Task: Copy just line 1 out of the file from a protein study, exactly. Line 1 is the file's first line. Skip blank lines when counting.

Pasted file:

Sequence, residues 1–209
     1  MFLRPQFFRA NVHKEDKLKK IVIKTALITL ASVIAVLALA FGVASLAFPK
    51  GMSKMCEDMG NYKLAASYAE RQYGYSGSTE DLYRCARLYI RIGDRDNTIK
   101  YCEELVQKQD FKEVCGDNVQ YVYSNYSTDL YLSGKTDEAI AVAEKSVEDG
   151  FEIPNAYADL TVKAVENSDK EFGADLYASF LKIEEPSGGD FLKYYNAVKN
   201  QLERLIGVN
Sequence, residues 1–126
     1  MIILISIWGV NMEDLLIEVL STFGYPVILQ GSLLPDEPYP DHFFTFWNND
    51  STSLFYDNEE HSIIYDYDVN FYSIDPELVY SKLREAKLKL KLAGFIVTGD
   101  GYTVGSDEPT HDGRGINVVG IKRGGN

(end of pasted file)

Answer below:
Sequence, residues 1–209